The stamp duty tax changes announced in the Budget reduced overall commercial property capital values in the UK, according to the latest CBRE Monthly Index, but rental values grew more in March than in January and February combined.
After three years of continuous growth for the sector, capital values fell by 0.4% in March, as the new tax bands increased acquisition costs for properties valued at over £1.05 million. Rising acquisition costs affected capital values, which were growing at a rate of 0.2% in February before the new stamp duty charges were announced. The changes have helped those with smaller properties, offering a net benefit to sites valued at under £1.05 million but came as a blow to investors in large commercial properties. The impact on overall capital values, which have grown by 28.4% over the past three years, is a one-off.
Some areas and sectors have been harder hit than others. Offices in the City of London experienced the greatest month on month fall in capital values, with February’s strong monthly growth of 1.7% falling to a 0.2% contraction in March. Overall, offices saw capital value growth slow from 0.6% to -0.1% over the same period. In the retail sector values fell by 0.7%.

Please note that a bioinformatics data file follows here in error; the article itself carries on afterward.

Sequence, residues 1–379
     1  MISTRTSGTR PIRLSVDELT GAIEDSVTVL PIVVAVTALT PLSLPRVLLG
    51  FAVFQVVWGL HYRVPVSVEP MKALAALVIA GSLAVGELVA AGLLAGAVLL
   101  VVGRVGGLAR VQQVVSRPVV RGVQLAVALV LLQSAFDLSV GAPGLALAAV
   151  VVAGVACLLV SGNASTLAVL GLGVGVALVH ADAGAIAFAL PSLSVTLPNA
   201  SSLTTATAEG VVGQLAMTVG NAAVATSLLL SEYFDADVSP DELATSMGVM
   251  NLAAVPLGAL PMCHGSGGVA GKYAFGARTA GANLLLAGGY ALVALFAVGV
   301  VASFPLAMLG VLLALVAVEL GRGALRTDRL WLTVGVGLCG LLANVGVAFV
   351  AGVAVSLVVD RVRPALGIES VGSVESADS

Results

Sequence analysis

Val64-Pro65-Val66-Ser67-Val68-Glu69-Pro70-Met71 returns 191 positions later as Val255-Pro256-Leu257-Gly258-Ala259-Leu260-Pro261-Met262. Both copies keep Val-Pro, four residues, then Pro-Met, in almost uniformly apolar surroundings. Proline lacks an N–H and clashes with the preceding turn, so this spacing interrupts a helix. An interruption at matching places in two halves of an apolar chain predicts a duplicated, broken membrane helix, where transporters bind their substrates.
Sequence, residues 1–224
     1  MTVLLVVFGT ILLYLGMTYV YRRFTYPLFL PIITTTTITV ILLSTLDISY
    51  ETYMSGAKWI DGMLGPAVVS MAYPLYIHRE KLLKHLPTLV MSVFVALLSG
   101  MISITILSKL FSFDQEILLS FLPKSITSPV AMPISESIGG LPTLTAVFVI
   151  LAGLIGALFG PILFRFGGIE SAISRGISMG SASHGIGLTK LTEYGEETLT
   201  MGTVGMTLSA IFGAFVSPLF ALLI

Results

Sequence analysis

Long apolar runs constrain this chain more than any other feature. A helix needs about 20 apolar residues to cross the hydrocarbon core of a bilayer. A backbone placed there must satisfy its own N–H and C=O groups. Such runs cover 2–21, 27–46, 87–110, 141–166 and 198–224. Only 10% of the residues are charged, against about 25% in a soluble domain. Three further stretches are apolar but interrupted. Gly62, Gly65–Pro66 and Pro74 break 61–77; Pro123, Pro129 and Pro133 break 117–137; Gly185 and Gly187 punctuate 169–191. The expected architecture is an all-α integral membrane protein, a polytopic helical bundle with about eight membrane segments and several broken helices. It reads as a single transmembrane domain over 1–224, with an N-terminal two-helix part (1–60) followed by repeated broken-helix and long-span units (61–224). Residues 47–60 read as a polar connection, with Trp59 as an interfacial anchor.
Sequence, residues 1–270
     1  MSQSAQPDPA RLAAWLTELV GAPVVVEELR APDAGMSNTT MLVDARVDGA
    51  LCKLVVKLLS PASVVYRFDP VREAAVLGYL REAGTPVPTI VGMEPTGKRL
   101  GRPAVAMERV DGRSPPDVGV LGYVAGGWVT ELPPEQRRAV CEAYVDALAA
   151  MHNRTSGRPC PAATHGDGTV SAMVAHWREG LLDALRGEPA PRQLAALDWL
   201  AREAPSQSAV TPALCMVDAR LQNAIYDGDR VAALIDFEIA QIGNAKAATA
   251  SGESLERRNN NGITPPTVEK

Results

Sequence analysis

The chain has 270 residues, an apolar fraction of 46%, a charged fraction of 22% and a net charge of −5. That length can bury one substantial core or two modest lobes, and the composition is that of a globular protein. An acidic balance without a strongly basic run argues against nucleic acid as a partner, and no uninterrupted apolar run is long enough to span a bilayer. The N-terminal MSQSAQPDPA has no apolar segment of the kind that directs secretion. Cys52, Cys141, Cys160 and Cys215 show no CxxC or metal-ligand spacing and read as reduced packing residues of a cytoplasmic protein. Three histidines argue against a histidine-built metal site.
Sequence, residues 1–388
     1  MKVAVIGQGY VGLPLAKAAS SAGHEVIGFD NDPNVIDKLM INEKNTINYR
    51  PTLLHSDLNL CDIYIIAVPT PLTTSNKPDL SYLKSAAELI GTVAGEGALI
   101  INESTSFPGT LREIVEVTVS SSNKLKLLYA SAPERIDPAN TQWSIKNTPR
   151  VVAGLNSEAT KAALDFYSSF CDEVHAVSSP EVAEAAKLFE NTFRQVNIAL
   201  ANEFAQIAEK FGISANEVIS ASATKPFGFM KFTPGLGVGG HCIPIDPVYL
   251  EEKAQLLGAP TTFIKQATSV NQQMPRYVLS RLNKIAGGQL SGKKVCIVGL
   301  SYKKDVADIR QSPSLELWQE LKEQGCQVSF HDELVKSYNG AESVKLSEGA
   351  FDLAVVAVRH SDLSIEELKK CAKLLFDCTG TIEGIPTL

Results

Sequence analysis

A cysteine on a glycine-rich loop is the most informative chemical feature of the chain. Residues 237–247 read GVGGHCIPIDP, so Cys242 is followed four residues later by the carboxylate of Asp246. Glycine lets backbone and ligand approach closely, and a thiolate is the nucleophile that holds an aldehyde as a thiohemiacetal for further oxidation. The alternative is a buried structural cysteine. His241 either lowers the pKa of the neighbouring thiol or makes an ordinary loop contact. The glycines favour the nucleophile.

While the reforms have had a one-off impact on capital values, rental values climbed across UK commercial property by 0.2% in March (more than January and February combined). This rental value growth was driven by strength in the office market where rental values rose by 0.6%, led by 0.9% in Central London offices. Retail rents were flat in March, bouncing back from a contraction of 0.3% the month before.
The stamp duty changes did contribute to a monthly fall in total returns, which shrank by 0.1% in March having grown by 11.8% in the past 12 months. Yields remained flat at 4.8%, down from 5.1% in March 2015.
Miles Gibson, Head of UK Research at CBRE said: “The stamp duty changes have been a tax grab for the Chancellor to the tune of £500m per year, a notable 15% increase in the tax take. While capital values inevitably took a one-off hit in March, rental values held up, underpinned by strong demand from occupiers.”
“For all the criticism of the new tax rules, commercial property continues to exhibit flat yields on balance, and total returns are expected to recover once the changes to the cost of buying a property have been factored in to valuations.”